A group of 40 PR and marketing practitioners has been assembled from throughout the PR world for the Games. When the stadiums sit empty after the grand finale on 4 August they will go their separate ways.
The task of making the Games a PR success is, in some ways, not an enviable one. The Sydney Olympics is a hard act to follow and Malaysia's 1998 Commonwealth Games - traditionally the poorer relative of the Olympics - was widely regarded as a damp squib, despite receiving millions of pounds of public funding.
Nevertheless, there are strong signs that the British public is already warming to Manchester's sporting extravaganza. Three-quarters of the one million tickets available have already been sold, potentially making these Games the best-attended ever - on paper at least.
And despite early fears, it looks as if the facilities will be finished on time and on budget.
These facts mean less stressful jobs for head of communications Mike Hales and head of press and media Tina Williamson. Last June, the fledgling communications department was established, with Hales - former head of BBC sports publicity - its only member. Over the past month the final members of the team have been brought in, just in time for increasing media interest.
It is an unorthodox mix that attempts to bring together experience from a range of backgrounds. The ten-strong PR and media team, which forms, with marketing, the two departments that make up Hales' communication division, is led by Tina Williamson. Her background lies primarily in sports sponsorship - she is former PR manager for yachtsman Chay Blyth's Challenge Business vessel.
Her deputy, senior press officer Roz Hughes, brings local public sector experience. Others in the team have backgrounds in B2B corporate PR, broadcast PR and regional and national journalism.
Venue press offices and facilities for the 4,000-plus media representatives expected to converge on Manchester will be run by Bath-based media services specialist Matchtight. And PR for the centrepiece event - the Queen's Jubilee Baton Relay - will be run by Capital PR.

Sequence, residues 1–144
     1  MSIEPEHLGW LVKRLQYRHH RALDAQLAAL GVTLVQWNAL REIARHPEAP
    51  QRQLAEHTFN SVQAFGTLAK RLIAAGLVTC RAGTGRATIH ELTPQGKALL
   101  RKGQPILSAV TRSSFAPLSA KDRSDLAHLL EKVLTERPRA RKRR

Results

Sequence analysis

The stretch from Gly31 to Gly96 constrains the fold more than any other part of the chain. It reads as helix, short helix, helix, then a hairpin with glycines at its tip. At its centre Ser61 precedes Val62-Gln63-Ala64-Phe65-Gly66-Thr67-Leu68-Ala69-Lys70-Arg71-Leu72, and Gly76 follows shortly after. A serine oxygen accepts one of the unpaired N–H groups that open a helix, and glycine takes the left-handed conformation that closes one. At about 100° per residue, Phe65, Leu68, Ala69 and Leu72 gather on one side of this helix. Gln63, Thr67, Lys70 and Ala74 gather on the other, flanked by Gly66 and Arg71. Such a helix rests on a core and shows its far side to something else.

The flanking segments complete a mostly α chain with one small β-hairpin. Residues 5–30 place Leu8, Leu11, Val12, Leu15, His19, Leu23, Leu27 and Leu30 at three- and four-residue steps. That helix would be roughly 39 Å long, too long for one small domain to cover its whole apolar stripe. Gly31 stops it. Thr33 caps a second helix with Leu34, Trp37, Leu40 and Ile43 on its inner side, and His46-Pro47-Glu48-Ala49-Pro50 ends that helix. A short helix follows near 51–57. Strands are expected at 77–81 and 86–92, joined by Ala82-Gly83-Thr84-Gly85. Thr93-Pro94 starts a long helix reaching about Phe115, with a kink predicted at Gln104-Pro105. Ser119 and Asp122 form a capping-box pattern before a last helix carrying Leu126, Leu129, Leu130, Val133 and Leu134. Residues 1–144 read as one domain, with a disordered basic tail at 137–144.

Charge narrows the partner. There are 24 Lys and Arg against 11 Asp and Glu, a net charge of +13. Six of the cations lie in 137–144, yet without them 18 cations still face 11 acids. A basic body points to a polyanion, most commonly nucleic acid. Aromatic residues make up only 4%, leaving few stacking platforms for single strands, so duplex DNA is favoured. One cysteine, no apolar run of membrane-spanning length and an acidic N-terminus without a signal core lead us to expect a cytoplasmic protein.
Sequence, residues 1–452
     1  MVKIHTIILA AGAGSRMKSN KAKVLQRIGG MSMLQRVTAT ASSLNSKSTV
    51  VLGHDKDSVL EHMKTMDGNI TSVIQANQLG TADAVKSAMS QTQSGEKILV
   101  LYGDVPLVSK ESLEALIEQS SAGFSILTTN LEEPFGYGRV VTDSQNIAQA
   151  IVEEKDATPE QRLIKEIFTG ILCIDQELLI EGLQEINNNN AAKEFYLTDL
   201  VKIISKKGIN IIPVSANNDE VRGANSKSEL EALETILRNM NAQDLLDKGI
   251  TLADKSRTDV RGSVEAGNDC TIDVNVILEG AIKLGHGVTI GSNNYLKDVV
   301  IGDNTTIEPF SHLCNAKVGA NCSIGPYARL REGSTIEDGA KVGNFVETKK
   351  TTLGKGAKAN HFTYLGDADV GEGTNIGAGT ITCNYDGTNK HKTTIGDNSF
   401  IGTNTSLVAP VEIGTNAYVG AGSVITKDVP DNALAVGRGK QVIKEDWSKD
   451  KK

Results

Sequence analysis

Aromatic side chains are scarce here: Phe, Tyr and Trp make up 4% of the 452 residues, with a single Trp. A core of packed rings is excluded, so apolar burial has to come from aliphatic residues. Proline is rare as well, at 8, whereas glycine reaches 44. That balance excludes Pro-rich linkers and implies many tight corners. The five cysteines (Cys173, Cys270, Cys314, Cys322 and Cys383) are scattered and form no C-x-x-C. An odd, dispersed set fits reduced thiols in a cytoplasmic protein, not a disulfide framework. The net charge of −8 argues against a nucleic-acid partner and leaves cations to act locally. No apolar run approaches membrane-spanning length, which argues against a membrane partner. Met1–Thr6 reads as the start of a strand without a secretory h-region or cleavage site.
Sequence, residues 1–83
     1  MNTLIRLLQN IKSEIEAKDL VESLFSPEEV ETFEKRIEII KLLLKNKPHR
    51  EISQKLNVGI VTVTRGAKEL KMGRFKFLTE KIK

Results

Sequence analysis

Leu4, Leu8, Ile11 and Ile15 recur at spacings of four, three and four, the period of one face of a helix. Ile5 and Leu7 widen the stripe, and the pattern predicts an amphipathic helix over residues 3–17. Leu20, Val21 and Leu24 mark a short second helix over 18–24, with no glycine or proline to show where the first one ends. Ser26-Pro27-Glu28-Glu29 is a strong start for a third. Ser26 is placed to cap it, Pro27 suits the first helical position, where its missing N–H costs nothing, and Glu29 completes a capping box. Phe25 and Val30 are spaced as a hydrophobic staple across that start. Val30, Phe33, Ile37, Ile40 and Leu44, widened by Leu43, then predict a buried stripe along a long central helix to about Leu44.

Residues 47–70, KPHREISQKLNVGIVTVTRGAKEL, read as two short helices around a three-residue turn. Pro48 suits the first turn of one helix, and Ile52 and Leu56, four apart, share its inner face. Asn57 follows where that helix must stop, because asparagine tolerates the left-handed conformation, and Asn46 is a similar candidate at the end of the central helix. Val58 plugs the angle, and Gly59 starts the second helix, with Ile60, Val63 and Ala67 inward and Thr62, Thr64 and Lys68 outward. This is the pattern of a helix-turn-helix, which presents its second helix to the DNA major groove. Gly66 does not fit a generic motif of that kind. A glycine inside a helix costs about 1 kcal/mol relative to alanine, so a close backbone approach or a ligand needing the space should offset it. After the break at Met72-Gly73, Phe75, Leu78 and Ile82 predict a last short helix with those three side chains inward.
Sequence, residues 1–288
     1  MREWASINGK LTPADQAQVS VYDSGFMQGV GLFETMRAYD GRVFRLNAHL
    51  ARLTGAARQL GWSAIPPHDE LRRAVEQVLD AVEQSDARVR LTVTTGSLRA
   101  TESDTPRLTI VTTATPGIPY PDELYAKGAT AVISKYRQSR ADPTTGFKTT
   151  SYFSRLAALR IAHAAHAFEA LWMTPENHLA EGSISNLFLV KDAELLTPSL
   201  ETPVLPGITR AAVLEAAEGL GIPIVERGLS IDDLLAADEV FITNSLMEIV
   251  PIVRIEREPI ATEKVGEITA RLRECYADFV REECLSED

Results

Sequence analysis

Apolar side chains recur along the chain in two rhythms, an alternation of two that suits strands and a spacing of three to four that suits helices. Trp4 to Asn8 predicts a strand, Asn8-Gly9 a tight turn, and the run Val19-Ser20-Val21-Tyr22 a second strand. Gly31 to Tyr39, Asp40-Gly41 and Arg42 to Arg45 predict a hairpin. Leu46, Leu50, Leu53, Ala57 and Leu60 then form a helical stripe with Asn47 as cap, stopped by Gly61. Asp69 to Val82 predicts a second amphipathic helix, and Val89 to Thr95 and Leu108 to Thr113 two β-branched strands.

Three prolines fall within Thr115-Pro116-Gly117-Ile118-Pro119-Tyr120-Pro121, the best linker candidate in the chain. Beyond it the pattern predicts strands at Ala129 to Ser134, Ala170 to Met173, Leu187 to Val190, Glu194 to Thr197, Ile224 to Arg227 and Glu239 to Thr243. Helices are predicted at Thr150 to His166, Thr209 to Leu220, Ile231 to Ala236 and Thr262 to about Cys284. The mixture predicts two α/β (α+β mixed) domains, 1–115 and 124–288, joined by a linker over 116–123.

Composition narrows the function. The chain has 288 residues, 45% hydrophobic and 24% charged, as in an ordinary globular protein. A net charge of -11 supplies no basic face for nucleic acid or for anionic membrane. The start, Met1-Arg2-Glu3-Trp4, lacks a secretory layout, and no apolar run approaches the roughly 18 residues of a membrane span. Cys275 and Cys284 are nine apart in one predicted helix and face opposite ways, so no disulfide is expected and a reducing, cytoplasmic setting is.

Before Christmas, 90 per cent of Williams' work involved reacting to press enquiries. It is now centred around driving home key messages, promoting Manchester internationally, the Games' role as a centrepiece of the Queen's Jubilee year and stressing the fun and festivities of the Games to appeal beyond hardcore sports enthusiasts.
Since another key message brands this event as 'the affordable Games', it would not be prudent to be seen to be spending heavily on PR and marketing.
Systems are being put in place for crisis management if security or 'doping' issues arise. But Williams admits this is a little way beyond the department's control, with so many other agencies involved.
In the meantime, sponsors are naturally keen to maximise their exposure.
The task is to avoid diluting the brand. It's a case of persuading them that a successful Games will, by default, mean positive publicity for them, says Williamson.
The Times head of sport Keith Blackmore says: 'I've found them to be pretty helpful and quite trusting. We've approached them with a couple of unorthodox feature ideas and they've been good at giving us the access we need.'
He believes the main challenges will come once the Games are underway and it becomes clear how Manchester's infrastructure is coping with its massive influx of guests.
If doping does rear its ugly head, Blackmore believes the office will 'pass that test, if it comes, with flying colours' now that procedures for dealing with such cases are well established.
On a local level, Emily Knowles, Commonwealth Games correspondent for regional TV news show Granada Reports, is anxious that she doesn't lose out to the national stations. She says the team has passed the test so far.
Games CEO Frances Done says editorial columns are the best place to get across the Games' key messages and praises the team's efforts.
It's hard for callers not be struck by the department's evident enthusiasm.
Everything is in place for the Games to be a PR success as much as a sporting triumph. The only uncontrollable factor is, of course, Manchester's notorious wet weather. Then again, Hales and his team are probably working on that, too.